Historical path dependencies have had a powerful effect on European antibiotic use. In a new paper, Dr Claas Kirchhelle examines the historical blind spots of current agricultural antibiotic regulation. Often hailed as a milestone of antibiotic stewardship, the 1969 Swann Report laid the roots for contemporary bans of low-dosed antibiotic growth promoters in animal feeds. However, it also exempted veterinary professionals and other forms of antibiotic use from effective oversight. In a time of rapidly rising antibiotic resistance, acknowledging the narrow origins of our current regulations is a first and necessary step to reforming them.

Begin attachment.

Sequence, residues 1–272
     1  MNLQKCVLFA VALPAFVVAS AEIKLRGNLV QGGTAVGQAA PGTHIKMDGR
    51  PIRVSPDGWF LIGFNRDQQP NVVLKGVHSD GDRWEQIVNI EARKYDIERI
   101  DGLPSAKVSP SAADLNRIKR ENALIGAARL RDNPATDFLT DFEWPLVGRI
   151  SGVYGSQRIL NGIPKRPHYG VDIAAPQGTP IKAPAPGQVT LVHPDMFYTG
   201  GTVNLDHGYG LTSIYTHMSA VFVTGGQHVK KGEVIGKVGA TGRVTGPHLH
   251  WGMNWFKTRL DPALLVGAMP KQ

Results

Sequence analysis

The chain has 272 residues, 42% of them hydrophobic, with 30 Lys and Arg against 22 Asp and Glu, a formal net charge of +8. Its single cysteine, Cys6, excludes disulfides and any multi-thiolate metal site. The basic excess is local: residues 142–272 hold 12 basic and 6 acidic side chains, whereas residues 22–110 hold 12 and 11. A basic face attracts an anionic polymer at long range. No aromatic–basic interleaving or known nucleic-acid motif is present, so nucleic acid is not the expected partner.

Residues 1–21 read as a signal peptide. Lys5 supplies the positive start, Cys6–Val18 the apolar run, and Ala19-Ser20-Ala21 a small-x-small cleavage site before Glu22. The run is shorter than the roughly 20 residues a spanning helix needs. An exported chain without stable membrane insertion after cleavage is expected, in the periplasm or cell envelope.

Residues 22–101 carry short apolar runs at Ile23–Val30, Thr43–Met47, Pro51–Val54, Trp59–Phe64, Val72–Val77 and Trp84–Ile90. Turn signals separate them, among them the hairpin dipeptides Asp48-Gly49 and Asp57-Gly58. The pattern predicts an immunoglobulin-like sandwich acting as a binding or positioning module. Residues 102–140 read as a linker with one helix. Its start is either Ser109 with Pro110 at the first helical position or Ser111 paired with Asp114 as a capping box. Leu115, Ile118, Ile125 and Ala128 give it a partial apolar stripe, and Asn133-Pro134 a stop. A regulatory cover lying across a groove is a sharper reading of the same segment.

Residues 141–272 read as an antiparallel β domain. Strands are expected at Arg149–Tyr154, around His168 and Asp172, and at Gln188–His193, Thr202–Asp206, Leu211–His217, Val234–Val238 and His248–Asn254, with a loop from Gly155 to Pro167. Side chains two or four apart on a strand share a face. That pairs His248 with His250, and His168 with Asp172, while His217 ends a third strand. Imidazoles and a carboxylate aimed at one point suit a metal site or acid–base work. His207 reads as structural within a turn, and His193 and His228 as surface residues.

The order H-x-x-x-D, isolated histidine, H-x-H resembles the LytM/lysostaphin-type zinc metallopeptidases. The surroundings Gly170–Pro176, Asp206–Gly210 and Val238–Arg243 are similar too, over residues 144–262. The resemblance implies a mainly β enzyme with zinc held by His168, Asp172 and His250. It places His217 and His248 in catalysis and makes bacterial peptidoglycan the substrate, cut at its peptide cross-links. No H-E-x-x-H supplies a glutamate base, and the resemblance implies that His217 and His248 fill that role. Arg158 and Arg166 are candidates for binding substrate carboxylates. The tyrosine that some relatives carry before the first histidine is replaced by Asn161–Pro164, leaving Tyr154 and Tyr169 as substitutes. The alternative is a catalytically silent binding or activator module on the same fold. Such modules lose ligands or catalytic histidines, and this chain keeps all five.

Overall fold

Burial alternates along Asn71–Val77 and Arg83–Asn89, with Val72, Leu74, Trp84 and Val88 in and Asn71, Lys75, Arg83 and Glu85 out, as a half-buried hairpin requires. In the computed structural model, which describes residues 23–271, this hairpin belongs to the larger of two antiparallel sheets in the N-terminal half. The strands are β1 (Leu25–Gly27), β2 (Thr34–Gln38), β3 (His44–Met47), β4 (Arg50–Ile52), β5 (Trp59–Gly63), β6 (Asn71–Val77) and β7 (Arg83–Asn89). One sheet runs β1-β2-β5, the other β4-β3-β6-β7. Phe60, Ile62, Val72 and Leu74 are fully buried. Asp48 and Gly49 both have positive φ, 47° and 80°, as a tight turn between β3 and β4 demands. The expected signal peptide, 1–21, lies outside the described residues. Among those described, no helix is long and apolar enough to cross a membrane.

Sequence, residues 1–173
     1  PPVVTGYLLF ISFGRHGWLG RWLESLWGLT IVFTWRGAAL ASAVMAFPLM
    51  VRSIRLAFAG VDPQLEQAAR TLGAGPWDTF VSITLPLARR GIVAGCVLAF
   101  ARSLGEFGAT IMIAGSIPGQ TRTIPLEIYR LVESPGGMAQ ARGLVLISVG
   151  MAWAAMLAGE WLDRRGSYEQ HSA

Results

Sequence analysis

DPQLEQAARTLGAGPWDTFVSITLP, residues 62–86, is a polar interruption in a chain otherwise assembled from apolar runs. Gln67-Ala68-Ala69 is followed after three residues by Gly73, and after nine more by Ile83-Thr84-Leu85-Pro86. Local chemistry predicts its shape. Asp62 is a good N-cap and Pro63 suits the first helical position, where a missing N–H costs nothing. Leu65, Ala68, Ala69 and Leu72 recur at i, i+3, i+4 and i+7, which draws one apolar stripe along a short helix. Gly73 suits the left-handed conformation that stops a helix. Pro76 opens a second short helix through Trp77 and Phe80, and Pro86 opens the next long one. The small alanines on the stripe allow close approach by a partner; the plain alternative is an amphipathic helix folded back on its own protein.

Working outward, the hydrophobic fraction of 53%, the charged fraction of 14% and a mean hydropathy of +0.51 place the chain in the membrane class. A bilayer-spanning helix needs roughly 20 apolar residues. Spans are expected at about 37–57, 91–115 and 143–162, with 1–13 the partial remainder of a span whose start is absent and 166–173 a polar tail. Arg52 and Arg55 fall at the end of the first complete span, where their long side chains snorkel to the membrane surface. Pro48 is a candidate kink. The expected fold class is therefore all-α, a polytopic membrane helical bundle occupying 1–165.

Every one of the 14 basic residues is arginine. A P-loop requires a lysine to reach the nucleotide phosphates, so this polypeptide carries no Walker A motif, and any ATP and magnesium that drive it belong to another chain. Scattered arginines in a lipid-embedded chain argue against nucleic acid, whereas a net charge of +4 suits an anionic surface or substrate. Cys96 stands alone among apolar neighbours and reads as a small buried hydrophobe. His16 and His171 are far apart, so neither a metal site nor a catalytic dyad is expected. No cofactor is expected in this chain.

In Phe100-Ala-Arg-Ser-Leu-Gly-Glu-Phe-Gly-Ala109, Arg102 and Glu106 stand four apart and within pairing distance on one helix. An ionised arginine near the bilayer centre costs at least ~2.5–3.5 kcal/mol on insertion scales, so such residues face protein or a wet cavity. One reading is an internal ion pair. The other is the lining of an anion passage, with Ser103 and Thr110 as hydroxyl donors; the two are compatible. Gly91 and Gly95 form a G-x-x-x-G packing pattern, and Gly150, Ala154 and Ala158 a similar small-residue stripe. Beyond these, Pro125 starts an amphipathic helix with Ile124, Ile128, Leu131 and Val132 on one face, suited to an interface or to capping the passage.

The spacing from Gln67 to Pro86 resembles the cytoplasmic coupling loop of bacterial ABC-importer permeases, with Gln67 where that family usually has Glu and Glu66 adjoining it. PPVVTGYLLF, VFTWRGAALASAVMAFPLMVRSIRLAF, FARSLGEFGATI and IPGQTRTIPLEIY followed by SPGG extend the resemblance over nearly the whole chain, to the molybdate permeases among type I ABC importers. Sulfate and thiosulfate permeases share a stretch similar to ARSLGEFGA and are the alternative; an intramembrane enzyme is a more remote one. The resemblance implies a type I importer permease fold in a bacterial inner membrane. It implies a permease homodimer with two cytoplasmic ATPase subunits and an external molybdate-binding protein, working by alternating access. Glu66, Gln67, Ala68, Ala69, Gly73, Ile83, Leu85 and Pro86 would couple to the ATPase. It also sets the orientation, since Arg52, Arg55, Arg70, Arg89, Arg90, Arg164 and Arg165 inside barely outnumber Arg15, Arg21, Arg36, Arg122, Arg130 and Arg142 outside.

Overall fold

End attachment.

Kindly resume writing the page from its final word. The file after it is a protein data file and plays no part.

Kirchhelle, Claas. "Swann Song: Antibiotic Regulation in British Livestock Production (1953–2006)." Bulletin of the History of Medicine, vol. 92 no. 2, 2018, pp. 317-350. Project MUSE, doi:10.1353/bhm.2018.0029